“There are two kinds of people in the world…” That’s the preface to a thousand sentences that end in contrasts usually stated in black and white terms. Good and bad, happy and sad, fatalistic and optimistic, generous and greedy, self-centered and self-sacrificing, and on and on. But of course most people are not at either end of whatever spectrum you can think of; they’re somewhere along the continuum, and the world is rarely black and white. Except when it comes to music. When it comes to music, there really are two kinds of people in the world. More about that in a minute.
I haven’t been able to blog much lately. I spent the last three days in Los Angeles working the job that pays the bills for our humble site. Over time, I’ve spent an accumulation of days in LA that amounts to years. It’s a maddening, frustrating, upside-down place with fucked up priorities, a place where ambitions and honesty go to die. It’s also a beautiful, vibrant, immensely creative place where hopes flourish and dreams become reality. It truly is a city of angels, even if many of them are fallen. All things considered, I usually love being there, even if I love being home more.
Off and on, it rained like a motherfucker while I was there. That played hell with the traffic, which is godawful even on dry days. But during the hours between the storms, the weather was glorious, and the elevated views to the west from the place where I was working were crystal clear, all the way to the swath of blue that marked the edge of the great Pacific.
When I travel for my fucking day job, I tend to have no time to myself, day or night, which sucks, because I feel cut off from the world of metal. I wasn’t able to listen to music for more than fleeting moments before collapsing into bed late at night. Yesterday morning, I had to wake up at 3:30 am for work, and the only reward was that by 8 am I was on a rocky flight back to Seattle. When I woke up, there was a riff running through my head.
I could hear the vocals and the words in my head, too. But I couldn’t place the band! It was maddening. And precisely because I couldn’t get an exact fix on the song, it stuck with me for a big chunk of the day. This was depressing. I used to be able to recall the most arcane, minuscule, unimportant facts in a nanosecond. Now I have to use fucking Google. But this time I said “fuck Google” (that felt good!), because I remembered I had included the track in one of our annual “Most Infectious Song” lists. By browsing those lists, I found it last night at home, about 10 minutes before dragging my ass to bed rather than fall asleep sitting up.
When it comes to music, there really are two kinds of people in the world: Those who are truly passionate about it, and those for whom it’s just part of the general atmosphere of their existence not much different from the great mass of other sounds that surround them, one of many indistinguishable forms of periodic entertainment, perhaps like the background clatter in a restaurant or bar, or the conversation on a bus or subway; something that would be missed if it didn’t exist, but in the grand scheme of things, is far down on the list of their priorities.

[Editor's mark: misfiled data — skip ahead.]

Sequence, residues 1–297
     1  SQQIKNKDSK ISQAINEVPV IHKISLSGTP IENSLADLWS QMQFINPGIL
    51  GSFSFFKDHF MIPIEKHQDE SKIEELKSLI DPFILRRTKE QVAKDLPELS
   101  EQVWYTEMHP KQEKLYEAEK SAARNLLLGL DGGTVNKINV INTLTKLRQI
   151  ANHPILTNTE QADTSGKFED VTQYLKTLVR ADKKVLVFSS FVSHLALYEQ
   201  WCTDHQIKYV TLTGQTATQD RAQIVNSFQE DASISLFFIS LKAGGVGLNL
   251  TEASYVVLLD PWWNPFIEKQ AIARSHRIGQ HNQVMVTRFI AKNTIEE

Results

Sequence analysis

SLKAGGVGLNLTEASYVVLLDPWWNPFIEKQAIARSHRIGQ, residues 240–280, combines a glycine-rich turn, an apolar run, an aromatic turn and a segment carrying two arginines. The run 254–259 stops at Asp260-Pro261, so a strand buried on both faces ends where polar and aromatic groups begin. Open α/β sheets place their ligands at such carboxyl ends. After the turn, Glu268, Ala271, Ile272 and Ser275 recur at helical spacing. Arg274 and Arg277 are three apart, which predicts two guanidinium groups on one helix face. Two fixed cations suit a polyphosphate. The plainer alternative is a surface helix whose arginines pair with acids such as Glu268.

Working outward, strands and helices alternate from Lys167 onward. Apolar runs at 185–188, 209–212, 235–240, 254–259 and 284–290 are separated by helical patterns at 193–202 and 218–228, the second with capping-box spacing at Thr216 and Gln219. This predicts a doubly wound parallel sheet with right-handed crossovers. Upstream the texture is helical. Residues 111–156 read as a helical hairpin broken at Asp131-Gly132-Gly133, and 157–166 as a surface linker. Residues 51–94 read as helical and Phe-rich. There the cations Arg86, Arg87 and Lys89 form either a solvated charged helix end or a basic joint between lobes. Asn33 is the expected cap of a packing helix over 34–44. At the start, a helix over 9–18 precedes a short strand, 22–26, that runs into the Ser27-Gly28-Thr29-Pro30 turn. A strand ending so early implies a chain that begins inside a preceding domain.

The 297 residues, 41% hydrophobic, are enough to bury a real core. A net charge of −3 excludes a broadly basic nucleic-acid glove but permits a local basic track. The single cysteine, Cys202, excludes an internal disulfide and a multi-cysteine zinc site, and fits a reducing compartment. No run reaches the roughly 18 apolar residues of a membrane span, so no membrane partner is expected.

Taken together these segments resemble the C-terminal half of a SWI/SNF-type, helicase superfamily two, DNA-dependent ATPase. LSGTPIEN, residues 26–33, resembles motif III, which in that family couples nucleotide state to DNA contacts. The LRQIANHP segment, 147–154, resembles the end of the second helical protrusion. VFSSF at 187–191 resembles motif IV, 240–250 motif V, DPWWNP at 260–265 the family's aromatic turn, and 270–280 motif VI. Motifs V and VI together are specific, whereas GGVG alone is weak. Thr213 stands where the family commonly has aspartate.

This isn’t a test of human worth. I’m not claiming that people for whom music is a vital part of their life are better human beings than those for whom it’s not a matter of life or death (figuratively speaking). It’s just one of the many things that distinguish some people from other people. It’s certainly not unique to metal; there are fans of jazz, classical, rap, and so on, who are just as passionate about their music as we are about metal. But everyone I know who is into metal is passionate about it. And when you’re that passionate about something in your life, you make sacrifices for it. I’m wrestling with a sacrifice I may have to make for it; maybe more about that later.
Here’s that song that ran through my head all day yesterday. Kind of like Amon Amarth, if Amon Amarth were more rocking, more Lovecraftian occult, and more psychedelic. And goddamn, that main riff will not be denied. “The Cult of No Return” by Finland’s Arkhamin Kirjasto from Torches Ablaze (2012). Why this song from two years ago popped into my head, out of the tens of thousands of metal songs I’ve heard, I have no idea.
Having remembered the song and the band, I checked on what they’ve been up to lately and discovered that last summer they released a three-song EP entitled Undead Priest of Holy Trinity of Death. The songs were recorded during the Torches Ablaze sessions. Here’s the title track:
Later today and tomorrow, we’ll have some new-music roundups. But on Sunday I have to hit the road again and won’t see home for a solid week. That probably means the volume of our site’s content will be sub-par for the next week, but I do know we will have a great interview plus a couple of song premieres and companion album reviews in the early part of the week. After that, the crystal ball is cloudy.